The most valuable aspect of blockchain is that records cannot be manipulated. It allows information to be distributed but never copied. No central authority or bank owns or manages the blockchain – instead, it is validated by a wide community of users, which makes it extremely hard to demolish or alter past records. Each blockchain user has a copy of the data since the beginning of the ledger. To change a record, hackers would have to not only change one record, but change every block after it on the chain – which is extremely difficult. Some companies have already implemented new uses of blockchain technology. For example, pharma giants Eli Lilly and Pfizer have developed a blockchain-based system to track prescription drugs across the supply chain to better halt the flow of counterfeit medicines. We are carefully paying attention to the public companies implementing real use cases of this new technology.
Interestingly, the popular crypto trading platform Coinbase is a centralized exchange that charges high trading fees. We believe that maintaining the decentralized nature of the blockchain is imperative for cryptocurrencies to retain their value and that eventually Coinbase may turn into an “on and off ramp” into the crypto world. The irony of their business model, along with their frothy valuation, made us hesitant to buy into the recent Coinbase IPO. We believe the best way to gain exposure to cryptocurrency is to directly buy the coins to reduce the layering of fees, or to use a vehicle that can be traded in a traditional brokerage account, such as the Grayscale Bitcoin/Ethereum Trusts (GBTC or ETHE).
Recent developments in the Market
This past week, the crypto markets had a historic downturn that saw prices of Bitcoin drop as much as 40 percent on Wednesday. To the average investor, this may seem highly unusual, but for the crypto markets this kind of volatility is considered normal. Cryptocurrency markets are highly volatile, over-leveraged, and can experience lower liquidity – this combination means that price fluctuations can happen rapidly and violently. This past week’s volatility can be attributed to many things: fear, uncertainty, and doubt surrounding environmental concerns and regulation in China, Elon Musk’s tweets, and more. Overall, the “sell the news event” combined with over leveraged markets and low liquidity has created a cascading effect.
How We Think About Crypto
Does the recent drop in crypto prices indicate a buying opportunity? While the asset class as a whole rapidly lost $1.3 trillion in market cap, Bitcoin is still up 20 percent year to date. The bearish case is that the asset is still very speculative, and that a 50% drawdown could signify the end of the bull cycle. Increasing environmental concerns could slow institutional interest. The stimulus packages that have been fueling inflation fears, and therefore bitcoin, are also likely to slow down. On the other side of the (virtual) coin, wiping out leverage means that further liquidations are less likely, and this could indicate a good entry point. Historically, these types of drawdowns in virtual assets have been viewed as healthy. In fact, such rapid increases in any financial instrument make us wary, but bitcoin’s normal dips are simply larger than what most investors are used to seeing in blue chip stocks. Additionally, many legacy financial institutions have filed with the SEC to open crypto ETFs and have started to spend more money on researching blockchain technology. Whether the bull or the bear prevails in digital assets, we believe that cryptocurrencies will have a part in the future of finance and technology. Although the market is still highly speculative and it has a market capitalization of over $750 billion, it can sometimes trade primitively. This volatility and speculation should be kept in mind as the space develops. We are watching, listening, and learning about this new space regularly and keeping our clients informed is a part of our process.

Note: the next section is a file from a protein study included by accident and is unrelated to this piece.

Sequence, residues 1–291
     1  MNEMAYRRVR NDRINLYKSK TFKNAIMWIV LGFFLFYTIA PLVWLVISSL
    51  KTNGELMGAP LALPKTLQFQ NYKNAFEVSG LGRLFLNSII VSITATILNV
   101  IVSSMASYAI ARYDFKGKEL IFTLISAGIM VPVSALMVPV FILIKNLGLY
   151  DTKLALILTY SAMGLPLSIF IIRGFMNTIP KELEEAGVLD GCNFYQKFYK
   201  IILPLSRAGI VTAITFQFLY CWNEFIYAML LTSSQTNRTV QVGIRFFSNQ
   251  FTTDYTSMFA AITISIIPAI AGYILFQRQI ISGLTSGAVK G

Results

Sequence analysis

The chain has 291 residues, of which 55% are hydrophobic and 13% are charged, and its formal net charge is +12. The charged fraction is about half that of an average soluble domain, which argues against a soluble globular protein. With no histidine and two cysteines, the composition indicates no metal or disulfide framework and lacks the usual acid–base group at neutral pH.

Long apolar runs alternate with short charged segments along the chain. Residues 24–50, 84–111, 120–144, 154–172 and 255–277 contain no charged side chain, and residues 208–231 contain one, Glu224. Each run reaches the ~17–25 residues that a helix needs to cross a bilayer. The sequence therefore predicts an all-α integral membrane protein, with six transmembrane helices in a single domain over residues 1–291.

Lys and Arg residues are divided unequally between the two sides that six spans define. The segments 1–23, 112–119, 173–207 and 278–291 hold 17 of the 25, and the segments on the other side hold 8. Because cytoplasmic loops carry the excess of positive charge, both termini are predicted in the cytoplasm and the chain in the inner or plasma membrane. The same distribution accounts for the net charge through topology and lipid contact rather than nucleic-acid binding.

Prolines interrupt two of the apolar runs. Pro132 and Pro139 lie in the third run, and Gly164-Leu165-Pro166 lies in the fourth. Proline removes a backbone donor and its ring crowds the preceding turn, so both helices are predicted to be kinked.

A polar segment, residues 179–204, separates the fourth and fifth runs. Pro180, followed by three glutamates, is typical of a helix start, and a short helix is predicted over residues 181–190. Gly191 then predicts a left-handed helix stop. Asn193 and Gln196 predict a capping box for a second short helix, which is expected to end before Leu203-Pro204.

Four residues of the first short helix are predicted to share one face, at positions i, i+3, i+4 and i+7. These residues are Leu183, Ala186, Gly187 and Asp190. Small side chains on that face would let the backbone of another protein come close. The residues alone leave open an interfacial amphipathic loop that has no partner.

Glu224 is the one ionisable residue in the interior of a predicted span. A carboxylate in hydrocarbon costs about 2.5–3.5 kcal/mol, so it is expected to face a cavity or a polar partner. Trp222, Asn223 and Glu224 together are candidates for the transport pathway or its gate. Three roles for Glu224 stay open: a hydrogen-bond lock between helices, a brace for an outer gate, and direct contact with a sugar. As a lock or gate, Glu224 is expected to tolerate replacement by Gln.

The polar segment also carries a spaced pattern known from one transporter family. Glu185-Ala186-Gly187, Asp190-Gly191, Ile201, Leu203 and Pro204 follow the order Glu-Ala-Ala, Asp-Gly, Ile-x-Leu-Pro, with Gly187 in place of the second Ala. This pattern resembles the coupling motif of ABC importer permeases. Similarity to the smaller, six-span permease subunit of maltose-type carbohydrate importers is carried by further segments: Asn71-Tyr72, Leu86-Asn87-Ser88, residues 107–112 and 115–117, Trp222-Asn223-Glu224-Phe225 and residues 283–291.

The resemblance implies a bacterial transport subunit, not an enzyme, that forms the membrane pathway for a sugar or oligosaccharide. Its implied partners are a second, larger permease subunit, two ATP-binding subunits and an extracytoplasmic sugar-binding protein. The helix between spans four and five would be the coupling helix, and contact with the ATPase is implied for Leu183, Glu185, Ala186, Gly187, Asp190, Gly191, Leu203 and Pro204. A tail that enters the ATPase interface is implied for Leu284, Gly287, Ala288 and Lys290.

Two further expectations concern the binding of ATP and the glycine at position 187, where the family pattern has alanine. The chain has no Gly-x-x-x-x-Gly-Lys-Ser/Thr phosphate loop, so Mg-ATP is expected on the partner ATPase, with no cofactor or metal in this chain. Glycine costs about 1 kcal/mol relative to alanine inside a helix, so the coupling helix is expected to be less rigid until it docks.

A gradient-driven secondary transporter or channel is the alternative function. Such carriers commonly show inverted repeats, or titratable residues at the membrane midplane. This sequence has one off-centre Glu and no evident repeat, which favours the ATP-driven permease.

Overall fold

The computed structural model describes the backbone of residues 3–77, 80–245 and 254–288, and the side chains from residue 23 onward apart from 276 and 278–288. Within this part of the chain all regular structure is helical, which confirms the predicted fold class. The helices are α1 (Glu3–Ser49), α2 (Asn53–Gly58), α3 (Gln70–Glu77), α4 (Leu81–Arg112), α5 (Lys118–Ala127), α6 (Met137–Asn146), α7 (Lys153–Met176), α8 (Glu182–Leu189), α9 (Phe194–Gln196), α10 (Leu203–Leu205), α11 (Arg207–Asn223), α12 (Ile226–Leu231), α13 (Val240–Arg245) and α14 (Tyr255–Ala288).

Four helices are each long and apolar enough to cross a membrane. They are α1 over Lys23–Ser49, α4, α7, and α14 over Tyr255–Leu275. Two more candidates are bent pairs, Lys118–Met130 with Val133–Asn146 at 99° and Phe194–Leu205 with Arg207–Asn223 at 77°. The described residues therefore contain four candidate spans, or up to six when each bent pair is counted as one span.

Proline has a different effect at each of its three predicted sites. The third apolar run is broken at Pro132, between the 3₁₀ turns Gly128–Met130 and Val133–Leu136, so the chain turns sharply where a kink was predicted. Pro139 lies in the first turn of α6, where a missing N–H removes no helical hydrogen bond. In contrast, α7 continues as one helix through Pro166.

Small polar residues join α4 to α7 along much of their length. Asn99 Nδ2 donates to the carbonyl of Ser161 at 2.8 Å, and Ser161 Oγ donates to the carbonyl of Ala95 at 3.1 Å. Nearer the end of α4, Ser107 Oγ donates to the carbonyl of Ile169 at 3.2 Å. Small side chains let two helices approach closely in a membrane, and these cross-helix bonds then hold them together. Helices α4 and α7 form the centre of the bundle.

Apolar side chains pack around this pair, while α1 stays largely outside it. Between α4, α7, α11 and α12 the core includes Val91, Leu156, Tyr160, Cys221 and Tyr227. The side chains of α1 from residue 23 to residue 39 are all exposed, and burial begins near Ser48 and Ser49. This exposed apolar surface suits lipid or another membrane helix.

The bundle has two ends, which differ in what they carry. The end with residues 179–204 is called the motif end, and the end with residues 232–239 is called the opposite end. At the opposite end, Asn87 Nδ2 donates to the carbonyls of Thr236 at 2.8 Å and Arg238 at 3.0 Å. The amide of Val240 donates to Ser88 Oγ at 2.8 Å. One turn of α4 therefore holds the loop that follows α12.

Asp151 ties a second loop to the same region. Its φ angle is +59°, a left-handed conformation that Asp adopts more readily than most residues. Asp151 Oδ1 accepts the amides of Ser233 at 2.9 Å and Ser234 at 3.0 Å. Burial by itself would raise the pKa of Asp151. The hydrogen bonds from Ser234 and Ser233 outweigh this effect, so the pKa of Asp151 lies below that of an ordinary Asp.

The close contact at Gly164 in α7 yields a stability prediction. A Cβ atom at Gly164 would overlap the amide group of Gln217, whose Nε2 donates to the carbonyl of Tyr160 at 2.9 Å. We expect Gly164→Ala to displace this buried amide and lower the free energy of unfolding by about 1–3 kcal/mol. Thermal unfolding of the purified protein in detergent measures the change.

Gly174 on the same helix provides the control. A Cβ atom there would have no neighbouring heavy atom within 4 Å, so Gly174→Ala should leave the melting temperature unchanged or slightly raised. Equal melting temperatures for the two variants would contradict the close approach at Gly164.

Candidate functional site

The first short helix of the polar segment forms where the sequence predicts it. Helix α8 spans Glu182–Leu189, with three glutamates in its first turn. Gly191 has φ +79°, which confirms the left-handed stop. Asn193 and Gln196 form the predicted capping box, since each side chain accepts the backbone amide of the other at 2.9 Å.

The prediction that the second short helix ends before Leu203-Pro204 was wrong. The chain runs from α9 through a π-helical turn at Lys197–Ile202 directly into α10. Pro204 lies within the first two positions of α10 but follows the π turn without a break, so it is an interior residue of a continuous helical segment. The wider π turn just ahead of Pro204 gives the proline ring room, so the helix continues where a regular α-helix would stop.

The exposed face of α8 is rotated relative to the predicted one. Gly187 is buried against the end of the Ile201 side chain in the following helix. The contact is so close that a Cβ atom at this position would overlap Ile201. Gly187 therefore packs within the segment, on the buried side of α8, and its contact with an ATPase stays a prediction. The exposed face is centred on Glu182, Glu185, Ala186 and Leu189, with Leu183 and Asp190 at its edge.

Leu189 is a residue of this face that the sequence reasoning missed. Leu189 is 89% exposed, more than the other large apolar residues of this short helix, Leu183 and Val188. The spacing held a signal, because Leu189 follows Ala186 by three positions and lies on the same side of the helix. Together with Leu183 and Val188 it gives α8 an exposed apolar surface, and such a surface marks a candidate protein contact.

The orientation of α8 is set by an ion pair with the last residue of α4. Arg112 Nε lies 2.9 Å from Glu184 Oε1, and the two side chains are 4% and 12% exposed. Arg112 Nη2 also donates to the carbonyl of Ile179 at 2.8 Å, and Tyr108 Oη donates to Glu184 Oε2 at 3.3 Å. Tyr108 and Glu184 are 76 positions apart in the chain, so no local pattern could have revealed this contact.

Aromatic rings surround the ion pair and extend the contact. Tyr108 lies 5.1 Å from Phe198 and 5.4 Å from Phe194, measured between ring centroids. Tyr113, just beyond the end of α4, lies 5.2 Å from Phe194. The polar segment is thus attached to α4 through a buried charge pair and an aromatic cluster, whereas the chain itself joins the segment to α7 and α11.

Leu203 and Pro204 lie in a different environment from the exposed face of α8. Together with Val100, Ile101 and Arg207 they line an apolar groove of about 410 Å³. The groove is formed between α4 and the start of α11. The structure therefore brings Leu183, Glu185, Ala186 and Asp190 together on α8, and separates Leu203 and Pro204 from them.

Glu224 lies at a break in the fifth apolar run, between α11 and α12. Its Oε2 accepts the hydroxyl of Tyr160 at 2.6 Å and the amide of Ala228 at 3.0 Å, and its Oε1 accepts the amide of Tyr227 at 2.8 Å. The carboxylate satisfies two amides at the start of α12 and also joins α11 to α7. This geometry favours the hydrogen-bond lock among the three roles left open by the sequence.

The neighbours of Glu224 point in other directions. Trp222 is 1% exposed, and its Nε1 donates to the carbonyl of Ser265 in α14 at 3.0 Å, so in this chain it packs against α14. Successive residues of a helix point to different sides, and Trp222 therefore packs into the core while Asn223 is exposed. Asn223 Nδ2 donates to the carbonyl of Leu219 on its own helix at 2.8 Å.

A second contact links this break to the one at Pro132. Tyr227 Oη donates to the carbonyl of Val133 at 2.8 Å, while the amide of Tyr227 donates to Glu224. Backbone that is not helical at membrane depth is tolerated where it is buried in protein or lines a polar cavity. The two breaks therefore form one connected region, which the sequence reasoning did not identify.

We hope this research update is helpful – if you have any questions or would like to discuss further, please do not hesitate to reach out.